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Tuesday, May 28, 2024

Eliesha Nelson: Permutations Blu-ray Audio Review


The Album


Unlike the violin, its smaller sibling, the viola has enjoyed far fewer chamber works created specifically for its essentially mellow tonality.  In Permutations, violist Eliesha Nelson attempts to rectify that situation with five works that are either intrinsically American or, in the case of the Kapustin sonata, American-influenced.

The program is all 20th century with solo viola or viola and piano works with dates of composition that span nearly half a century:

  • Nicholai Kapustin: Sonata for Viola and Piano, Op. 69 (16:54). This three-movement work owes much of its improvisational nature to the the “cool” jazz musical idiom with viola providing the melodies and the piano, the basso obstinato beat.
  • John McLaughlin Williams: Two Pieces for Solo Viola (5:37). This African-American composer is an accomplished violinist, pianist, and GRAMMY-winning conductor. These two pieces, Sarabande and Toccata, harken back to the Baroque era with tonalities reminiscent of J.S. Bach. Both works were intended for Ms. Nelson and exploit the rich tone of her instrument.
  • Ross Lee Finney: Second Sonata for Violin and Piano (18:51). This is the earliest piece of the recital, having been composed in 1953. Finney employs the dodecaphonic tone row echoing the Second Viennese School that included Alban Berg and Arnold Schoenberg. The second movement, “Permutations,” gave rise to the title of this program and is a virtuosic display piece that contrasts sharply with the following largo teneramente’s solemn nature, and concludes with an uptempo Allegro con moto.
  • Jeffrey Mumford: Wendings (7:58). This brief solo viola work was dedicated to violist Wendy Richman, going so far as to use the “E, D, C, H, A” of her name as the notes for the harmonic material therein. There are contemplative passages, interrupted by sharp attacks, tremolos, and changes of pace that challenge the violist’s abilities.
  • George Walker: Sonata for Viola and Piano (14:21). The composer, himself a successful musician, dedicated this two-movement piece to his father. It is atonal and presents yet another challenge to the soloist and accompanist. The burnished tonal palette of the viola is again expertly drawn out with the second movement’s sometimes frenetic tempo making the soloist work quite hard just to keep pace.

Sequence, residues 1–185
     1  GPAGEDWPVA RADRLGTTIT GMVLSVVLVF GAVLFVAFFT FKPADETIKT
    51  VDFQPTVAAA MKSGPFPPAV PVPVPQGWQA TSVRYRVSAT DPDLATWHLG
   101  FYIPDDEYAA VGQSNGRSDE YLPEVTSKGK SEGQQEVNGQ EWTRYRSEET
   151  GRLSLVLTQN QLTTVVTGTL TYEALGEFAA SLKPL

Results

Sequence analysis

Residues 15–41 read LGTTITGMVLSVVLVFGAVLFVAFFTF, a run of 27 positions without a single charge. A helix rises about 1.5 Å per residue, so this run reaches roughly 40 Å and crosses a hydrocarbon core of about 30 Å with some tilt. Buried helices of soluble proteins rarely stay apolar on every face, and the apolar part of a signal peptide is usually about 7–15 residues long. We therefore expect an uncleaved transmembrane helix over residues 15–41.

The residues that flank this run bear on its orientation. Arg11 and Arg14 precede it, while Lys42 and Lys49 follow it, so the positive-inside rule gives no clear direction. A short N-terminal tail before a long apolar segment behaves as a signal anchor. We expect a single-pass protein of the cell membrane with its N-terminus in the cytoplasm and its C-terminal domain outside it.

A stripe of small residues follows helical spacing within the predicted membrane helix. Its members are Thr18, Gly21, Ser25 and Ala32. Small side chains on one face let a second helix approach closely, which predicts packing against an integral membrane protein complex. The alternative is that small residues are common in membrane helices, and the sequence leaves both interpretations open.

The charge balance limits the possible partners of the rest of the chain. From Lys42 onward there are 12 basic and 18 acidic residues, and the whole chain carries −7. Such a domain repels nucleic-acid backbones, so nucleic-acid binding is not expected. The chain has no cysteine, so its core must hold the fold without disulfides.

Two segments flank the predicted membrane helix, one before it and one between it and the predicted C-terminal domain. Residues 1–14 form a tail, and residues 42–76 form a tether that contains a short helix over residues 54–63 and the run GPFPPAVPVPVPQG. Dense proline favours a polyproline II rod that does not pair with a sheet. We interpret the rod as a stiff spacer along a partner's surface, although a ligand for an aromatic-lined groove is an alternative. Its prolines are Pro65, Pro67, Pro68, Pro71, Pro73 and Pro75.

Ms. Nelson is an extremely talented violist who, surprisingly enough, took up the viola relatively late in her music education. Making up for lost time, she has achieved an amazing degree of virtuosity on her instrument of choice and has had an extremely successful career both as a soloist and orchestra member.  Her accompanist, pianist James Howsmon is a veteran of the concert stage with over 1000 recitals to his credit, as well as being a faculty member of the Oberlin Conservatory.  This duo renders what must be considered definitive performances of these works as well recorded premieres for all except “Wendings.”

Audio Quality


Recordings were done at DTS-HD Master Audio 7.1 (192kHz/24-bit) although the 7.1 channel version on the Pure Audio disc is reduced to 96kHz/24-bit.  I preferred either of the other high-resolution formats for their depth and overall impact.  Both viola and piano receive very big sound images making them appear to be closer to the foreground of the soundstage, perhaps a tad closer than I usually like to hear them.

Supplemental Materials


Ms. Nelson contributes insightful backgrounds on the works of the program and her rationale for their inclusion. The booklet also contains brief biographies of the performers and the composers. Track listings and production credits are also included. As is customary for Sono Luminus, a bonus red book audio CD in excellent sound is provided along with downloadable Mp3 and FLAC versions via mShuttle.

The Definitive Word



This excellent recital disc will surely interest viola fans. While not always falling easily on the ear, listeners will still appreciate the incredible skill of Eliesha Nelson and her courage in taking musical roads less traveled.

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